B.C. boy's fate still a mystery 20 years later
The parents of Michael Dunahee say someone, somewhere, knows something about what happened to their son, who disappeared exactly 20 years ago at the age of four.
Crystal and Bruce Dunahee appeared at a press conference Wednesday to mark the anniversary of Michael's abduction from a playing field in Victoria.
They say they haven't given up hope he may be found one day and are calling on anyone with information about what happened to come forward, adding that Michael's bedroom is still ready for his return, including wrapped Christmas presents.
"We hope for that one tip, [from] somebody that knows what happened … We want that person to come forward and tell us so that we can put an end to this chapter in our life and move on," Crystal Dunahee said.
Police say they continue to receive tips and continue to investigate each one. Just last month, they gathered DNA from a young man living in Chase, B.C., who many in the community believed looked like a grown-up Michael Dunahee.
But police said that although there was a striking resemblance, DNA evidence ruled out any chance that the young man was Michael, who would now be 24 years old.
The Dunahees spoke to media hoping to jog memories, shake loose tips and remind Canadians to keep watch on their kids. They were planning to attend church on Thursday, the anniversary of Michael's disappearance.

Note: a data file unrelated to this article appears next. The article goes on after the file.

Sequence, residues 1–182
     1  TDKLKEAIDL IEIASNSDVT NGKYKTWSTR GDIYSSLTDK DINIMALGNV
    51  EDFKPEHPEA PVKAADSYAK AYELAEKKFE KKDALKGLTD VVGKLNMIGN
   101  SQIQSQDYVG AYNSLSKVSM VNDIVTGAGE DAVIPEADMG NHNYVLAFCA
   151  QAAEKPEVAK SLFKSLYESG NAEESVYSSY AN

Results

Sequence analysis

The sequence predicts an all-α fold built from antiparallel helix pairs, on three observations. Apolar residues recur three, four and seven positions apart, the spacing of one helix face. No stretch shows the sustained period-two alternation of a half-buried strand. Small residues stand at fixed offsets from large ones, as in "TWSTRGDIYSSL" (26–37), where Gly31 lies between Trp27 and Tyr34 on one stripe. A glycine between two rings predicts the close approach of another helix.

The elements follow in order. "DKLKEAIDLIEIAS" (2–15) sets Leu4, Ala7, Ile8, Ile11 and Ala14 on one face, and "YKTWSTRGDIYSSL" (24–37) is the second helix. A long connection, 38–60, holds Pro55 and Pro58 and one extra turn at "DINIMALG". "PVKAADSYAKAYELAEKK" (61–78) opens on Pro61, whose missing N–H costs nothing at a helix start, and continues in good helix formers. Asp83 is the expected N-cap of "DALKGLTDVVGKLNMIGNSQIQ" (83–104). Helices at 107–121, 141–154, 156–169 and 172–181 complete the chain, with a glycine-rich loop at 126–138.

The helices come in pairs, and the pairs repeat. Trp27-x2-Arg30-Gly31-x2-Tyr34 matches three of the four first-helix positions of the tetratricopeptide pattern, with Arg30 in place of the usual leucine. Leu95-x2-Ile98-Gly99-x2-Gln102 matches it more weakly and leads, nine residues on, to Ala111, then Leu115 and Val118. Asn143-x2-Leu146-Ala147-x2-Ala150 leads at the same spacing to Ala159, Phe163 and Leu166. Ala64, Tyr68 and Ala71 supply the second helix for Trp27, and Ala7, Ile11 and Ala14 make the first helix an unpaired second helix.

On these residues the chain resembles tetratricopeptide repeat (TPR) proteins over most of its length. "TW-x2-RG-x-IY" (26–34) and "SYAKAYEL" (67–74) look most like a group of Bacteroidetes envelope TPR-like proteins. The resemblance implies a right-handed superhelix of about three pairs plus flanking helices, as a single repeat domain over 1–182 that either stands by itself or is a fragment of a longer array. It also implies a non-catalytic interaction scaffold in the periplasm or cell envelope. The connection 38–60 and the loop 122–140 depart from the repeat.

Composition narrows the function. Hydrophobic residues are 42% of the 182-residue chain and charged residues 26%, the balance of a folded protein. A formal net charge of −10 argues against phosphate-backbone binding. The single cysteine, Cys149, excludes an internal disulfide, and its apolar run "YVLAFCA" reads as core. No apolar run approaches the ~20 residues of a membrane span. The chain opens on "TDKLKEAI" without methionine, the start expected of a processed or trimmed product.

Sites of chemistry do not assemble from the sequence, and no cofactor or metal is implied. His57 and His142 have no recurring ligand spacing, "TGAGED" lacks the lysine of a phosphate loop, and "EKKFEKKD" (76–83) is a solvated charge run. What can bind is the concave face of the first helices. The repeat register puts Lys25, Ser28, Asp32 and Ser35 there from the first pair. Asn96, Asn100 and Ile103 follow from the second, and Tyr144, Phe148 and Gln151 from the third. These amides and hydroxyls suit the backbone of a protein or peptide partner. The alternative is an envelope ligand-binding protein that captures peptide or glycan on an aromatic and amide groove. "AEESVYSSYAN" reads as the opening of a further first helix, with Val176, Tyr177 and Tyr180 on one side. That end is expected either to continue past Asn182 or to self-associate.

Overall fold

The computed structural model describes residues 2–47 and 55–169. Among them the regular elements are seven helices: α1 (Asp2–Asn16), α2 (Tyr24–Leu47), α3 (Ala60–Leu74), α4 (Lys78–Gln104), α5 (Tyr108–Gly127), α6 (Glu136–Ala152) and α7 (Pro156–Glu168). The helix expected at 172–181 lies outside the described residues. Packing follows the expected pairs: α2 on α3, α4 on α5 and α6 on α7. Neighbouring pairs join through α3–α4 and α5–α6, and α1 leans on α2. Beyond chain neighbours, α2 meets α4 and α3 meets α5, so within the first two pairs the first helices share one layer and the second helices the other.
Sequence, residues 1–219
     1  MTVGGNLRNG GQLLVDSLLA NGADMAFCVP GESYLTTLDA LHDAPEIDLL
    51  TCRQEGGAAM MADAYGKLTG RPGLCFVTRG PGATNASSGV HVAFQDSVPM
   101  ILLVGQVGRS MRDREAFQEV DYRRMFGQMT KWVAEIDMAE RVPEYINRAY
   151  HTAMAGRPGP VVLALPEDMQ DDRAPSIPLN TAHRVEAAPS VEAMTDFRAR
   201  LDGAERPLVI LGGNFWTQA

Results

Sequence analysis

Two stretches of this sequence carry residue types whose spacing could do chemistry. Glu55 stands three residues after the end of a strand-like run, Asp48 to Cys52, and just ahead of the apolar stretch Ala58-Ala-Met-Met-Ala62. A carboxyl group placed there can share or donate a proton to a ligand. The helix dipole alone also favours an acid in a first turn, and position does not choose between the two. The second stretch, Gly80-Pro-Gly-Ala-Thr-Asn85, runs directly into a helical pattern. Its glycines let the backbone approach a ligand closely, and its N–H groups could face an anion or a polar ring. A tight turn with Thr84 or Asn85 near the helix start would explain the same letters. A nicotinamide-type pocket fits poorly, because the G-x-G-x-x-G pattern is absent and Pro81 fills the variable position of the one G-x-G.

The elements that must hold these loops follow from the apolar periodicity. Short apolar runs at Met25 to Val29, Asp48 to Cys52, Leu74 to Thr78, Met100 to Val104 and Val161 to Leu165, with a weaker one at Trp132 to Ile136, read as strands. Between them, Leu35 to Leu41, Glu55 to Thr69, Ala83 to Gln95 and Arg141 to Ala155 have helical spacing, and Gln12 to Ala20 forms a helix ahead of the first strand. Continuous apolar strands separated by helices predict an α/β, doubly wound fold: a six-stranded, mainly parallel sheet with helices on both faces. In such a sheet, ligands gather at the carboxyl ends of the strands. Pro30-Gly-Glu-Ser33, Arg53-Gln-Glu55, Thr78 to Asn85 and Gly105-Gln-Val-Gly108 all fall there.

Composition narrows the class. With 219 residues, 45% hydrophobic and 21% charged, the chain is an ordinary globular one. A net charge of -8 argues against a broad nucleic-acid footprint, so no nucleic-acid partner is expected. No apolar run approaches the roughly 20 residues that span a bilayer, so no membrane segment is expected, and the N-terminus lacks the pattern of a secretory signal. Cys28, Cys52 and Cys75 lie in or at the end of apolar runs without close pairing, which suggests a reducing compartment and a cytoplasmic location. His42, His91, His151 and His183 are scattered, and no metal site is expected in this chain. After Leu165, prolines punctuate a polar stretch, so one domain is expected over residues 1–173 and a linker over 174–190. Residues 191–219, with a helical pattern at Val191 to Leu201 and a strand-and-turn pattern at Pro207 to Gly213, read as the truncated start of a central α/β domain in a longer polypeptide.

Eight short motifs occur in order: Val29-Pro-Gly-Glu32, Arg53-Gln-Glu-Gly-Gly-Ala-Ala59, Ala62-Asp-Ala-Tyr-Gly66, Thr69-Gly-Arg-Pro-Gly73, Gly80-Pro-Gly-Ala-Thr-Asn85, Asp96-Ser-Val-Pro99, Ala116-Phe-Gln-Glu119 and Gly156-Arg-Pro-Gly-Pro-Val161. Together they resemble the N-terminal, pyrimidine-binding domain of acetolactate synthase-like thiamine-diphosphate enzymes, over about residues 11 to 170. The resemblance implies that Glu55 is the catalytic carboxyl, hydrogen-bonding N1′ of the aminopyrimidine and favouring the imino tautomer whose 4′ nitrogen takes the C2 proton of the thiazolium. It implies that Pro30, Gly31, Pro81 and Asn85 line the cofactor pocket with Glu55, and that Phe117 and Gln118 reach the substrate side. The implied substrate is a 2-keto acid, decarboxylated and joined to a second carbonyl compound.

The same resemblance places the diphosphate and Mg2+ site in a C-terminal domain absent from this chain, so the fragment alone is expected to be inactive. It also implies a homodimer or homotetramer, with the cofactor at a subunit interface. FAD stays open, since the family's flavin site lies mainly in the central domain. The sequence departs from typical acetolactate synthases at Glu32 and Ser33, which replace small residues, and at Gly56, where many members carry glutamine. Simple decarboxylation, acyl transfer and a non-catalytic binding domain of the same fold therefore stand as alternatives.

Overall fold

Parents momentarily distracted
"I wouldn't wish this on anybody," said Bruce Dunahee. "Twenty years is way too long."
Michael vanished while Crystal Dunahee was playing a flag football game and Bruce was getting ready to watch from the sidelines.
Victoria Police say that over the years, they have received 10,000 tips on the case, and they still have an active investigation.
Deputy Chief John Ducker said the disappearance haunts the department, individual officers and the Dunahee family, which includes a sister who was just a baby when Michael vanished.
It has remained one of the city's darkest unsolved crimes, he said, one that he has lost sleep over since he was a junior investigator two decades ago. Ducker recalled the massive police investigation that had him working 15 days straight, with no clues.
"I've never seen an effort like that in my history in policing," said Ducker. "That was a very frustrating part of it. We didn't get that one piece of information we needed to go the distance on it."
Sgt. Grant Hamilton said the recent DNA investigation that led police to the B.C. Interior shows that police will never give up on the case.
"The Chase community was quite insistent the boy was Michael, and with his consent a DNA sample was obtained as recently as late February 2011," he said.
Crystal Dunahee said she's had her hopes raised and dashed on several occasions, but she now tries to rely on her senses about her son.
"They do their DNAs, and I say, 'Show me a picture and I'll tell you,"' she said. "They did have one like that [Chase] one, another one case of similarity [to Michael], and they were adamant that this was Michael, and I said, 'No. Don't waste your time."'
Hamilton said the case is not closed. There is still a $100,000 reward for information leading to information about Michael's whereabouts.
"It's an open and active investigation," said Hamilton. "Our goal is to bring Michael home."
He said he hopes publicity around the 20th anniversary could shake loose more tips.
"I don't know how we get by," Crystal Dunahee said. "It's just a matter of instinct. You don't give up. You continue going forward until you have the right answer."